UT University Health Services


As a slang, non-medical term, Drunkorexia refers to someone who restricts food calories to make room for alcoholic drink calories. Despite the known risks of these behaviors, studies have shown that 30% of women between 18 and 23 diet so they can drink.

"Drunkorexic" behaviors most often stem from the fear of weight gain from alcohol and are more prevalent in college-aged women, although men also experience them. In extreme cases, the behaviors may be related to bulimia or anorexia. However, individuals without eating disorders that restrict their intake before going out may still struggle with "drunkorexia."


Curtailing food calories in favor of drink calories carries several risks. Compounding the risks is the combination of eating disorder(s) and binge drinking, which pose a great threat to an individual's physical, mental, and emotional health.
  • Drinking on an empty stomach may lead to overconsumption and an unexpected degree of intoxication that inhibits judgement and increases risk for physical injury.
  • Metabolizing alcohol increases the need for certain nutrients while restricting food intake reduces nutrient availability. This combination increases risk for nutrient deficiencies.
  • Drinking alcohol after working out inhibits protein synthesis and muscle repair which slows down the recovery process and minimizes potential improvements in fitness.
  • Alcohol consumption limits our decision making capabilities and may predispose you to engaging in unhealthy eating behaviors such as binge eating.

Finding Balance: A Healthy Lifestyle

  • Moderation, not elimination. Restricting your food before drinking may leave you overly hungry and vulnerable to binge eating late at night! Eating moderate portions throughout your day is the best way to prevent excessive hunger and reduces the likelihood of overeating. Remember, your body needs carbohydrates, protein, and fat plus vitamins and minerals everyday to function and skipping food to make room for alcohol will prevent you from getting these important nutrients. Incorporate variety in order to ensure adequate intake of vitamins and minerals. Your body needs certain nutrients like proteins and fats to function.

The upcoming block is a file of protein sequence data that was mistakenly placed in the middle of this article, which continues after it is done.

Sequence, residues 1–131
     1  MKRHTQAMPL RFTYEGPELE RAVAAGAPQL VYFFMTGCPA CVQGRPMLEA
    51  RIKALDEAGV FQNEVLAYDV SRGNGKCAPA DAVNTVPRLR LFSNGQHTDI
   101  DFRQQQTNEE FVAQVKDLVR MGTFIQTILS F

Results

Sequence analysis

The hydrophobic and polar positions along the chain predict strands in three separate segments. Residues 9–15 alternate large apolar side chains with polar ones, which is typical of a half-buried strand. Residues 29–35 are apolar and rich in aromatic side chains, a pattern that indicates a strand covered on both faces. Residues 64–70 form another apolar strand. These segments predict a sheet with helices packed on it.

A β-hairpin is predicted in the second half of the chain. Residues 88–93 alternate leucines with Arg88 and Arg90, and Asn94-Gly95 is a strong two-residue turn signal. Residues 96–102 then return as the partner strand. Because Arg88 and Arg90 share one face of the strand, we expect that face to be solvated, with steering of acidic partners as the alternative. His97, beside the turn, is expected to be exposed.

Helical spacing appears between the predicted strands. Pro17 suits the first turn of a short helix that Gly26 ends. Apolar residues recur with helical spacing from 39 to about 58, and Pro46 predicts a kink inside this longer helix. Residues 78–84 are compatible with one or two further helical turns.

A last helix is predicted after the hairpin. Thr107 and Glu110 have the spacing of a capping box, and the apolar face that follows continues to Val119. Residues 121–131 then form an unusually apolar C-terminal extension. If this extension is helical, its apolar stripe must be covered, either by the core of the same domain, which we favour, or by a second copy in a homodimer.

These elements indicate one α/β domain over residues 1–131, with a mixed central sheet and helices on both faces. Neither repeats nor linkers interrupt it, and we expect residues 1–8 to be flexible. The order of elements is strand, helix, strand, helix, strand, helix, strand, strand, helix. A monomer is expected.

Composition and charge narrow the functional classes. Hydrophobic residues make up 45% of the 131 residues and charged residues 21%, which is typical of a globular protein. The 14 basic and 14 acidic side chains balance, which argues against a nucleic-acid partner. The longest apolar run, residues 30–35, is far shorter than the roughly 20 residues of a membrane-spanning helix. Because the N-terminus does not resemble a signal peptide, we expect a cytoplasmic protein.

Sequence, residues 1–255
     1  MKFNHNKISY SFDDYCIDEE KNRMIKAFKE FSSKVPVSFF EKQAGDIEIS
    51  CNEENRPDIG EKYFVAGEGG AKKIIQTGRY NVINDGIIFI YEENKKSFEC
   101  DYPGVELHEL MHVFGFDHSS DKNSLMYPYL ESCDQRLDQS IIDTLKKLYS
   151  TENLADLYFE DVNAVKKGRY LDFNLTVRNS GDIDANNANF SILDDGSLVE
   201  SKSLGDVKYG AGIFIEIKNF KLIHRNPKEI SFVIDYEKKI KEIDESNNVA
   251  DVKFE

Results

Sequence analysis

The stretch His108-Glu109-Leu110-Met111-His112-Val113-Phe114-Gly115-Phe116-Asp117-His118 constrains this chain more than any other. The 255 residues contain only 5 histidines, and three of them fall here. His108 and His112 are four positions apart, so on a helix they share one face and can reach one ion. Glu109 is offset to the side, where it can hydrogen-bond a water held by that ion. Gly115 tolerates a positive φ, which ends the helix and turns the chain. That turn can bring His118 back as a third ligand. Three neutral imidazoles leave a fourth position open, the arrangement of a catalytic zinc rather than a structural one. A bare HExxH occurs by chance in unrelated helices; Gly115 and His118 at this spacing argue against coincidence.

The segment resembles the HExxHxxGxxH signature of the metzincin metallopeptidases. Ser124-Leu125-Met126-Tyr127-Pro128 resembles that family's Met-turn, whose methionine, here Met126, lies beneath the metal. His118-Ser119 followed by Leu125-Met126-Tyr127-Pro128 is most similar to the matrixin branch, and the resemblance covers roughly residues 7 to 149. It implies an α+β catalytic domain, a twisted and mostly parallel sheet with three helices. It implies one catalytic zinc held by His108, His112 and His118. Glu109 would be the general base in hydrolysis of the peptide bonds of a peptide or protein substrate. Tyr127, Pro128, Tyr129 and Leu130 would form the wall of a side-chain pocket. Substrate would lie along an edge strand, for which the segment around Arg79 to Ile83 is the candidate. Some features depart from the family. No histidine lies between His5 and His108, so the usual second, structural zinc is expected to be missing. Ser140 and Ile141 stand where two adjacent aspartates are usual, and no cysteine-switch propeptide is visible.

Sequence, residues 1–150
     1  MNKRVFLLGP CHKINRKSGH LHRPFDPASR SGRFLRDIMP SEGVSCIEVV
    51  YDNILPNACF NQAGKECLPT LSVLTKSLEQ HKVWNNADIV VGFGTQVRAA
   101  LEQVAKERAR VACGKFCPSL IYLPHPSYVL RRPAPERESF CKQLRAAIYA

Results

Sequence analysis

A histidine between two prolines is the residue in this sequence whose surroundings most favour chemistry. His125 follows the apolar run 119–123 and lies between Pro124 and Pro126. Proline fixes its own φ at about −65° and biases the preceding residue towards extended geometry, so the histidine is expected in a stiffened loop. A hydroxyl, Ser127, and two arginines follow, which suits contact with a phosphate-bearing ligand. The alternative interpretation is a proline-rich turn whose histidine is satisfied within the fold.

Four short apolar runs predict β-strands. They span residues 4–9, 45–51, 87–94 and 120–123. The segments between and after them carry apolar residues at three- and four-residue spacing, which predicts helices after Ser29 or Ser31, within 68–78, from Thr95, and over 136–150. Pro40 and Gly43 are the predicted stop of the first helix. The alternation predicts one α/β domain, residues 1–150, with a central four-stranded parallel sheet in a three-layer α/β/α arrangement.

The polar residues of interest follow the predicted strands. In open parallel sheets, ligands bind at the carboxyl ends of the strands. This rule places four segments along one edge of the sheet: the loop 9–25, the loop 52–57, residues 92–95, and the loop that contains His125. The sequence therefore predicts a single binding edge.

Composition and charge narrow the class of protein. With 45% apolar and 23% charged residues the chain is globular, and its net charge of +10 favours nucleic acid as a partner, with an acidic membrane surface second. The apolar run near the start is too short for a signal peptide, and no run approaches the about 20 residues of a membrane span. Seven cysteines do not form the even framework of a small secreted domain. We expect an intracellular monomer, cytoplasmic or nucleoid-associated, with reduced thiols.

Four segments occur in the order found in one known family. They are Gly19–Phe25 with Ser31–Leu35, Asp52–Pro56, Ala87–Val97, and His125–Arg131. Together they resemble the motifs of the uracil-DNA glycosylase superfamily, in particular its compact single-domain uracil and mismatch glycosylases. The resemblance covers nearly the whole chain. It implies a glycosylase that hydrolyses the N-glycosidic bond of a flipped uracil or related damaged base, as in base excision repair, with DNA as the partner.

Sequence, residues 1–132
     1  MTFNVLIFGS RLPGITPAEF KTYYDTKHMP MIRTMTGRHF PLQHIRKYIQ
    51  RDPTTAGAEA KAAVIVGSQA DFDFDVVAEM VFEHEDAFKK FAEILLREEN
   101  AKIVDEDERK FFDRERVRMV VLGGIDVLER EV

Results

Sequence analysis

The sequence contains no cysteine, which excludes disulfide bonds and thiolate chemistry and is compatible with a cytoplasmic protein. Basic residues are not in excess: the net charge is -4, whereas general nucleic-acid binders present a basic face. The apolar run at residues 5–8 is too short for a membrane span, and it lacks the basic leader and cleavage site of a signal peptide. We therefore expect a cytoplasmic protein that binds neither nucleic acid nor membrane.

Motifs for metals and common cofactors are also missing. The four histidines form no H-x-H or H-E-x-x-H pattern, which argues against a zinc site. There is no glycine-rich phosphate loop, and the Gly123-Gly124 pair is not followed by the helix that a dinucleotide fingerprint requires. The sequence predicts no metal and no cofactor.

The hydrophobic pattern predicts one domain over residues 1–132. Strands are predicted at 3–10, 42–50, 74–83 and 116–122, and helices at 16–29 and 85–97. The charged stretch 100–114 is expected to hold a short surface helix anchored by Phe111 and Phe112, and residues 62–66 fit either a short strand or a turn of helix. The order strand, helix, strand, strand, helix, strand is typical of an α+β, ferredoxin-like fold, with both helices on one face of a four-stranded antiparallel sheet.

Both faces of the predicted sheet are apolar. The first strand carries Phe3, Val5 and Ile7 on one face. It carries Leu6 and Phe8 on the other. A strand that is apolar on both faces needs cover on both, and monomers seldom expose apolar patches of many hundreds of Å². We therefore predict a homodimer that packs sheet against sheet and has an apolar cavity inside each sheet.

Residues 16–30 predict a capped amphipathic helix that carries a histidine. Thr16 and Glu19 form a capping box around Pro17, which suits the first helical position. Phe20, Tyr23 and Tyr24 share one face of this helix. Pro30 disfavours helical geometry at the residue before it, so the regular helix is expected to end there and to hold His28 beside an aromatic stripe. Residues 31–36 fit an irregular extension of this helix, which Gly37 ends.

• Know your limits. Plan ahead and make sure you manage your alcoholic intake when you go out. Keep of track of your alcohol consumption. Stay hydrated and alternate non-alcoholic drinks with alcoholic drinks. The more alcohol you consume, the more inhibited you will become which increases risk for physical injury.
  • Choose wisely. Some drinks have fewer calories than others do. Limiting the number of drinks you have is the best way to manage your caloric intake from alcohol. If you are worried about calorie intake, be conscious about what types of alcohol you consume. For example, many mixed drinks and high gravity beers are higher in calories, whereas other beverages may have fewer calories.
  • Workout regularly. Exercise is important for many reasons, such as heart health and stress management. Finding an enjoyable activity that works for your schedule will keep you at a healthy weight. College students that struggle with weight gain often report that they are less active than they were before coming to college. Schedule in time for exercise classes, hiking or biking, tennis, or walks/runs outside throughout the week to assure that you are getting plenty of activity!
  • Seek support. Find understanding, advice, and encouragement from others who support a healthier lifestyle such as friends and family. Although there may not be support groups targeting "drunkorexia" specifically, there are several local support groups that address eating disorders and alcohol abuse.

Getting Help

Counseling and Mental Health Center

hours Monday - Friday 8am - 5pm by appointment Monday - Friday, 8am to 5pm
by appointment
512) 471-4955 (512) 471-4955
email uhs Email UHS

University Health Services is committed to providing high-quality care to patients of all ages, races, ethnicities, physical abilities or attributes, religions, sexual orientations, or gender identities/expression.


100 West Dean Keeton
Student Services Building (SSB)


go here to access our facebook channel go here to access our twitter channel go here to access our instagram channel


Incoming Students
International Students
Dell Medical Students
LGBTQIA+ Inclusive Healthcare
Faculty and Staff


40 Acres Pharmacy
Counseling and Mental Health Center

university of texas at austin university health services
university of texas at austin division of student affairs